‘Event of the century’ for Palo Cathedral
Since it became the seat of the archdiocese, the Metropolitan Cathedral of Palo in Leyte has never hosted any major event for over 75 years.
But on Saturday this week, the Neo-Gothic Church dedicated to the Lord’s Transfiguration will be graced by Pope Francis during his visit to Palo town, Leyte province.
“I can’t express it in words. For me, it’s the event of the century; an event of a lifetime,” said Msgr. Rex Ramirez, the soft-spoken rector of the Palo Cathedral.
“Since time immemorial, only diocesan events and a few national gatherings were held here. The coming of the Holy Father will be the biggest. There’s nothing more significant than that,” he said.
Pope Francis is set to visit the cathedral where he will meet the clergy, nuns, members of religious communities, seminarians, and some survivors, then lead the Vespers and give a short message in the afternoon of January 17.
The Holy Father will go out through the sacristy and spend a few minutes at the mass grave beside the cathedral to pray for the bodies of those who perished at the height of supertyphoon Yolanda on Nov. 8, 2013.
The Church earlier agreed to a mass burial of 150 persons whose dead bodies were bloated when brought to the cathedral days after the supertyphoon.
The mass grave is placed at the left part of the cathedral, close to its Millennium Tower.
The names of the bodies who were identified are engraved on tombstones surrounding the tower.
Church workers are busy preparing for the papal visit—the first in Palo and the entire Leyte province.
The Palo Cathedral earlier underwent a major renovation in preparation for its Diamond Jubilee as a diocese last November 2012.
Restoring the cathedral cost over P25 million.
But a year after the renovation was completed, the cathedral, which was originally built in 1768, was devastated by supertyphoon Yolanda.
Its roofs were all blown away, the ceilings removed, the stained glass windows were broken, while the altar and pews were ruined.
Msgr. Ramirez said it was not easy to restore the cathedral after the super typhoon.
“The church was new. And here comes Yolanda. It was too much to ask the people for donations since they too are victims of the storm surge and the typhoon. Good that there are several donations from other churches and groups,” he said.
Due to a number of donations coming in, the cathedral was renovated for the second time in a span of less than five years.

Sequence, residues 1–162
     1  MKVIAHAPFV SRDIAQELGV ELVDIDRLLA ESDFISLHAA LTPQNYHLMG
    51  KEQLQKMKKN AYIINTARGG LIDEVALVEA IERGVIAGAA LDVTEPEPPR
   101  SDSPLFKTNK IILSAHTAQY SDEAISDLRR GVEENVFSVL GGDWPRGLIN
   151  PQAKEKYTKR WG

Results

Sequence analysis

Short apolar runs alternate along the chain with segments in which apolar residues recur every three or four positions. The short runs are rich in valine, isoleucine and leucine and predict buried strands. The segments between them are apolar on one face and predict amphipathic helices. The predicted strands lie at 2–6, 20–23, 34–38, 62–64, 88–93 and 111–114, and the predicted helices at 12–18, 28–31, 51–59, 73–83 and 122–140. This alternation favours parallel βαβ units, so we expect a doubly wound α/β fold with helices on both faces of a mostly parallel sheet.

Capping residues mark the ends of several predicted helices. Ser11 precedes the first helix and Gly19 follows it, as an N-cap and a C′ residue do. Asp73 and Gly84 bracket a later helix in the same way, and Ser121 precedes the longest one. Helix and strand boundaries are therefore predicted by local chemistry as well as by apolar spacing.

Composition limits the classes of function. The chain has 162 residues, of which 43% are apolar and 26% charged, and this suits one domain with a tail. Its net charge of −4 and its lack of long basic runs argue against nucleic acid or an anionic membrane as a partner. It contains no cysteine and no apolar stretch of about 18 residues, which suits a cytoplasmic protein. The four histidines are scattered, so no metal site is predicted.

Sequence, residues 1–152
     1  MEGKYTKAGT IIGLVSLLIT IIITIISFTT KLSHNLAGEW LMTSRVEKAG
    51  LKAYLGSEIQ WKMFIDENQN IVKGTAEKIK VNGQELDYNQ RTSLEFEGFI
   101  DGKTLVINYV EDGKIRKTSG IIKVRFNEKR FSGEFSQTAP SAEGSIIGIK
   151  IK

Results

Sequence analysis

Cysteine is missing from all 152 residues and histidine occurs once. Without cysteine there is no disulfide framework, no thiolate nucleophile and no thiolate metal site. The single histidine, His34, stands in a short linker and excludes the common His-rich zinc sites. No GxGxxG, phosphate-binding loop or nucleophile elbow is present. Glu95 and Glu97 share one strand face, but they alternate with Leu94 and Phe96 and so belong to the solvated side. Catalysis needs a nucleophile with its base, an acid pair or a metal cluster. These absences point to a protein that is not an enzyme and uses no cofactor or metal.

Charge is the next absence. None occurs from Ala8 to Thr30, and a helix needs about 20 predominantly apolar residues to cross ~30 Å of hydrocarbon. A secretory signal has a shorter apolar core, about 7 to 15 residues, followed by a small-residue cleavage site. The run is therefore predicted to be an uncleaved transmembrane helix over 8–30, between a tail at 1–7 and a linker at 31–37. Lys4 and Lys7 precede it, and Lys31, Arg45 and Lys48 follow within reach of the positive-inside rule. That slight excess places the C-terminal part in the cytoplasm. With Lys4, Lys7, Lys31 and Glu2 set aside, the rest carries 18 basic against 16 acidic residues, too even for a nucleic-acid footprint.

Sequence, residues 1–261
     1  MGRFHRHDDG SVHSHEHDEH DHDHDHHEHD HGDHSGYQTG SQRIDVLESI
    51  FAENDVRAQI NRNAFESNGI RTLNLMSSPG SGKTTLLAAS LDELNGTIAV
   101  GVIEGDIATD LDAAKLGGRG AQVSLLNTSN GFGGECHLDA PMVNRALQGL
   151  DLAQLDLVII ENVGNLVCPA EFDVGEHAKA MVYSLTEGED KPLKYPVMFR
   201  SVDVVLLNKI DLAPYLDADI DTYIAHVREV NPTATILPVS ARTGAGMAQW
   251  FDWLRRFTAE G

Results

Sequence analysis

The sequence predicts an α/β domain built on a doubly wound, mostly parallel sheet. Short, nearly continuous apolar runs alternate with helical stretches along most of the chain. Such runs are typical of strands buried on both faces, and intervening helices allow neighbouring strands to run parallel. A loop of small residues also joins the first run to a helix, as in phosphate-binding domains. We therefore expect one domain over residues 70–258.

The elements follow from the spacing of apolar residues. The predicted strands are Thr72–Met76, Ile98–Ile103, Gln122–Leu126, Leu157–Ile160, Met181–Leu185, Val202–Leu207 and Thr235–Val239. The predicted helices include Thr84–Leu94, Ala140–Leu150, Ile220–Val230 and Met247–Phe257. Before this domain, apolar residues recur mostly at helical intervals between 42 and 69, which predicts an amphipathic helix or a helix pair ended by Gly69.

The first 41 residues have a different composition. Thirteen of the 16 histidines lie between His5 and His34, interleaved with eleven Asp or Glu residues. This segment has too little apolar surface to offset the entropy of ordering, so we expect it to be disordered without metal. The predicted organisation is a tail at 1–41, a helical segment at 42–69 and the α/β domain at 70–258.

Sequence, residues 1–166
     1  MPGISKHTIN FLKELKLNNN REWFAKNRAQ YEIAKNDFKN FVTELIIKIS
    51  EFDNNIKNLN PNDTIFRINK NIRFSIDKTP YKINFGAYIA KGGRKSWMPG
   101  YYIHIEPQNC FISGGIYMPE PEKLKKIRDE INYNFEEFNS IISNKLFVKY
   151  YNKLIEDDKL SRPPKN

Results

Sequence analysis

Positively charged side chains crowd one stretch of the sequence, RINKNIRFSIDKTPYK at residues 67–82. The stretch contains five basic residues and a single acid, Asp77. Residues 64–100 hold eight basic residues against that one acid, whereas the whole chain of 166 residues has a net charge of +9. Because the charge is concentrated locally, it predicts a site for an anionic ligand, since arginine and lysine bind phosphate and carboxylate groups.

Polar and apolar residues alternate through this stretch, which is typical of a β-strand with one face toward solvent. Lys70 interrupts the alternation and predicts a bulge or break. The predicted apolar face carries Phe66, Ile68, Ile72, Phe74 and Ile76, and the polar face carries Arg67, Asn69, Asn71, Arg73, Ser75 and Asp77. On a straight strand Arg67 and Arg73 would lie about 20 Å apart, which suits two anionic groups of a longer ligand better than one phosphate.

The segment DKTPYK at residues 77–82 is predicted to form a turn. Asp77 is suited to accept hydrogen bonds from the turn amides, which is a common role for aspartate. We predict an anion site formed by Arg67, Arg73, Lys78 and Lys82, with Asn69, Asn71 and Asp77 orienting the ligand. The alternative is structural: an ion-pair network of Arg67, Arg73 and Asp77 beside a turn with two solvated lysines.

Ramirez said works done at the cathedral will be finished by the time Pope Francis arrives.
Since the regular seating capacity of the cathedral is only good for 1,200 people, the rector said they will put more chairs to accommodate the visiting priests from neighboring regions in the Visayas and Mindanao.
Organizers are expecting 1,500 priests, nuns, and seminarians who shall attend the activity inside the Palo Cathedral.
Since the cathedral will be occupied by the clergy and the religious, Ramirez said the lay people shall be situated outside the church.
He said they hope to install wide screens outside the cathedral to allow the public to witness the gathering inside the church.
“I believe that the Holy Father was inspired by God (to visit Palo). We’ve been longing for a relief after the supertyphoon. And as one person here said, the pope is our relief,” said Ramirez, who is also the vicar general of the Archdiocese of Palo.
The Palo Cathedral was built in 1596 under the direction of the Jesuits. It was taken over by the Augustinians in 1768 and by the Franciscans in 1843.
It was proclaimed a cathedral on March 25, 1938, just a few months after the Palo Church was formed as a diocese.
The cathedral was used as a hospital by American Liberation Forces from October 1944 to March 1945.
It was renovated with a Neo-Gothic design and was elevated to an archdiocese in 1982 with Calbayog, Borongan, Catarman and Naval Diocese serving as suffragan to it.
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